We ate every bite on both our plates, really enjoying it all. It was fun watching people come and go, mostly picking out things to take with them. I think many of the people that work in the area come in for treats to take home later, or maybe even sandwiches to go. GMB is close to Castiglione Del Lago, the largest town in the area, and must do a good business with the locals. We heard that they have a great "happy hour" crowd. Next year...
  We couldn't leave without trying some sweet treats with espresso, so I went and picked out 3 little bites of heaven. Johnny trusted me to pick well, and I did. I don't think you could go wrong.

Sadly, I don't remember, but one had hazelnut cream..all were too yummy. A very nice way to end the meal.
  GMB- Just one more place we can't wait to try again. It's like the best French bakery, right in Umbria. If you are in the area, make it a point to search this place out.

Monday, July 18, 2011

The Cabin

  The Cabin. Summer Defined.
  As a kid growing up in the San Francisco East Bay Area, there was one big event to look forward to every summer. Going to the cabin. Our family cabin is located in the Cascade Mountains, close to Mt. Lassen. It is the second cabin. The first one was located in the Siskiyou Mountains and was swept away in a flash flood.
   I never saw the first cabin. It was the cabin my Mom and her generation spent summers at when they were young. The photos from those days are great. All black and white beauty:  Mom, Aunt Mary, Aunt Pat, Uncle Ben...all kids back then. And the grown-ups: Grampa & Grandma Dottie, Aunt Carol & Uncle Al, various fishing and hunting buddies...and friends. Both cabins loom very large in our extended family history.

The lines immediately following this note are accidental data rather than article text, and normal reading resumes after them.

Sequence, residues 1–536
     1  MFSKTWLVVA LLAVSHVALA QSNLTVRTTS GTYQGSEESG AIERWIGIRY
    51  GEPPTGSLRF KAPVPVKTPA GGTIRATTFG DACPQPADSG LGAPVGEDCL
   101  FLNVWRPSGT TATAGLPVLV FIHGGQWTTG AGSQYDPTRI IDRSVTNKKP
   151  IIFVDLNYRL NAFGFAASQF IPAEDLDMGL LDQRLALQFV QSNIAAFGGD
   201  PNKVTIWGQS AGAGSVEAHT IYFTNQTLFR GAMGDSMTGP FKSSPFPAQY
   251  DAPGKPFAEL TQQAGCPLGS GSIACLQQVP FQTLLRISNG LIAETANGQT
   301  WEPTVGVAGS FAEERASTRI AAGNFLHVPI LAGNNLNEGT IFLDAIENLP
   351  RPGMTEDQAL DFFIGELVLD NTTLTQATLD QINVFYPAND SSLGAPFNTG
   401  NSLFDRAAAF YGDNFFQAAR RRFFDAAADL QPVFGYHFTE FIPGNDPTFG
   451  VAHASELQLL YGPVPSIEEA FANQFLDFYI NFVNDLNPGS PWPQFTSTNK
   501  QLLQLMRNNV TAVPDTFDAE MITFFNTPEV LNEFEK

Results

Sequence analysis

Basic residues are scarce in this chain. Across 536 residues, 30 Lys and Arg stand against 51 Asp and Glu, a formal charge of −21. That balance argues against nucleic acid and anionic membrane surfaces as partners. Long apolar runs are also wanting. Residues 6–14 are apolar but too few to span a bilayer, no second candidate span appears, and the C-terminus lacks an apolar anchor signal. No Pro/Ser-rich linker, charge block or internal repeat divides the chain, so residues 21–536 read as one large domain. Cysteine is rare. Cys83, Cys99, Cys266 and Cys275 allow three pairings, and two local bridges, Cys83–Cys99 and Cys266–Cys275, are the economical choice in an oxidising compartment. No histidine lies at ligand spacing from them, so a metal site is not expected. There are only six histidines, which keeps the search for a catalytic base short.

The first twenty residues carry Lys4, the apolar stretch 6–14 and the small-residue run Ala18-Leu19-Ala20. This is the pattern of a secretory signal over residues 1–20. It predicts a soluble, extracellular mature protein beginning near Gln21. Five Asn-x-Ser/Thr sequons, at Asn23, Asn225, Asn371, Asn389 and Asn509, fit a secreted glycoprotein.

All the cousins in my generation, and now their kids, have big memories that rap all around the cabin. Well, at least I know I do. I feel confident saying we all do. As young cousins, we remember being there all together, like a pack of feral puppies, running around the forest all day and sleeping in sleeping bags on the deck at night. A freedom not to be matched in our "real" lives. It's amazing we lived through some of the antics we got into. Honestly.
  At night we would do our best to freak each other out, what with all the Bigfoot sightings, bears, axe murderers and general creepy crawly stuff. Some nights it seemed like we didn't sleep at all. I remember all the times I'd wake up and see that the entire sky had changed. All the stars would be replaced by all the other stars. Over and over, at each reawakening. And the falling stars would always scare me. They still do. It's the sound they make.
  We got to see our parents, grandparents, aunts and uncles feeling the pull of freedom, too. I know now that the moms worked hard keeping us fed and somewhat clean, but at the time we loved seeing them in shorts and sneakers with no socks, laying back and reading, reading, reading... usually on a chaise lounge on the deck, cigarettes and highballs close at hand. Reading was, and still is the favorite way to pass time, especially as we've gotten older.